When you get a raise at work, you feel like you’re on top of the world and are instantly more satisfied with your job—even if you’re not totally in love with the gig. But the positive vibes don’t last forever, a new study, published in the Journal of Economic Behavior & Organization, has found.
Researchers from The University of Basel in Switzerland analyzed 33,500 responses to the German Socio-Economic Panel, an annual household survey, and found that both the possibility of receiving a wage increase and actually getting one—especially when the raise exceeded peers wages—increased job satisfaction. The catch? The happiness spike was only temporary.
Since making more money doesn’t necessarily create long-lasting career satisfaction, why keep doing it?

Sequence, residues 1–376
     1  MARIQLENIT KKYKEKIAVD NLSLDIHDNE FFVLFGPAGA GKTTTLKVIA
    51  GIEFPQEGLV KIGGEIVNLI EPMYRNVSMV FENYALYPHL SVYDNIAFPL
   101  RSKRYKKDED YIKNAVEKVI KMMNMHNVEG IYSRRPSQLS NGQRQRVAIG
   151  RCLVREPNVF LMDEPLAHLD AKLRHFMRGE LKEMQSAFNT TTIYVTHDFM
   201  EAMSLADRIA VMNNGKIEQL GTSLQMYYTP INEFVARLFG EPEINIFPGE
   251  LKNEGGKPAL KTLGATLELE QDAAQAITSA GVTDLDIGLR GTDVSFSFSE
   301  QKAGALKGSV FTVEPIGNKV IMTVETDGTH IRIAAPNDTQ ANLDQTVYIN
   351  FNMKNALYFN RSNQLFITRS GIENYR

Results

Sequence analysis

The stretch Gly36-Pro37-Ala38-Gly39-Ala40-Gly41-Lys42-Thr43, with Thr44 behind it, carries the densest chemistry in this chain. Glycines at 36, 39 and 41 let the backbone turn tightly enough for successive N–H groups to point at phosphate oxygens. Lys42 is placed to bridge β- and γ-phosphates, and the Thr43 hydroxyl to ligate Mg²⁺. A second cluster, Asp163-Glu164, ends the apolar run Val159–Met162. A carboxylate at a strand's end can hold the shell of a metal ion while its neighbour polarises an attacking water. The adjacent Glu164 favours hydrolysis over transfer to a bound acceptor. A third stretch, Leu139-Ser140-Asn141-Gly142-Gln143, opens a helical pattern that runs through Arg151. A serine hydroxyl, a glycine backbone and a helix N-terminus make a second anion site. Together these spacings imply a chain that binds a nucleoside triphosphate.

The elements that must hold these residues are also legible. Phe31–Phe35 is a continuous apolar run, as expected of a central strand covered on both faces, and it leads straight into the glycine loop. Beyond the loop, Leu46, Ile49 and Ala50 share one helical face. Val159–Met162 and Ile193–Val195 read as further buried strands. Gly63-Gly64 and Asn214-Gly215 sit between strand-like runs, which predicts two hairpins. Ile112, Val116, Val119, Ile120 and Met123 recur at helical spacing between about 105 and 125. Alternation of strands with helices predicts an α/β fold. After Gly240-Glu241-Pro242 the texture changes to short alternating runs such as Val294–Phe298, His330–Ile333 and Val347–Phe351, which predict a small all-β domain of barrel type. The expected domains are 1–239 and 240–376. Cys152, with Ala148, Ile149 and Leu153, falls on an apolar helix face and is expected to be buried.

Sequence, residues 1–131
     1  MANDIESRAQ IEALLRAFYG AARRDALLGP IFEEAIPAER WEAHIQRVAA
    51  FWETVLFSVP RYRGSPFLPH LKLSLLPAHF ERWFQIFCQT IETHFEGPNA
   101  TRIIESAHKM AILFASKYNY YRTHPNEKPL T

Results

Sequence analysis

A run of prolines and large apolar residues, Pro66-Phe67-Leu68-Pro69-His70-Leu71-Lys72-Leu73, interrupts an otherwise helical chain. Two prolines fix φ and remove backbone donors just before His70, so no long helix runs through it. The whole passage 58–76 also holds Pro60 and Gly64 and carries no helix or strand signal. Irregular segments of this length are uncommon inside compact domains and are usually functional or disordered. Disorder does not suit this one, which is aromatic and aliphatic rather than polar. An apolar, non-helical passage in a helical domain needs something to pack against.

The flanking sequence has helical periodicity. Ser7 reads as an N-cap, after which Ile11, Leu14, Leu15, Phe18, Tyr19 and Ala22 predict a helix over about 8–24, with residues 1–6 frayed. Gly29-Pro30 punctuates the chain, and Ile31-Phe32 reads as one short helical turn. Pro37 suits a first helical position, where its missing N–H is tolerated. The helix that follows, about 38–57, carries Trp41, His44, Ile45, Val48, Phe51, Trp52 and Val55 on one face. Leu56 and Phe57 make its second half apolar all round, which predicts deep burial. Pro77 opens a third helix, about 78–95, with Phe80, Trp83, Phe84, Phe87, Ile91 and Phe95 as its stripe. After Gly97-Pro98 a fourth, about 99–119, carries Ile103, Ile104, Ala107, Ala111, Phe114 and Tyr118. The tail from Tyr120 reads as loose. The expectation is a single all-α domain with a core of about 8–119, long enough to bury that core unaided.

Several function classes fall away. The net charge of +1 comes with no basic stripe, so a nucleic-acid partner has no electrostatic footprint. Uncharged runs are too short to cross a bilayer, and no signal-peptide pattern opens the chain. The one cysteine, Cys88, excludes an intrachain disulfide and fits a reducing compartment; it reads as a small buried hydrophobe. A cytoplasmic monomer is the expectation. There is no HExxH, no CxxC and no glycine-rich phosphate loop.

The study authors found the rise in job satisfaction fades out almost entirely within four years for a couple of different reasons: First, people compare their current income to what they were making before. And second, it doesn’t take long to get used to a new income, making the raise’s allure lose its luster. And, just like that, folks are right back where they started: wanting a raise.
So since making more money doesn’t necessarily create long-lasting career satisfaction, why not switch gears to something that fulfills your soul? It might not mean more (or even as much) money, but you’ll spend every day feeling happy and empowered—and that’s an effect that not even the biggest paycheck can give you in the long run.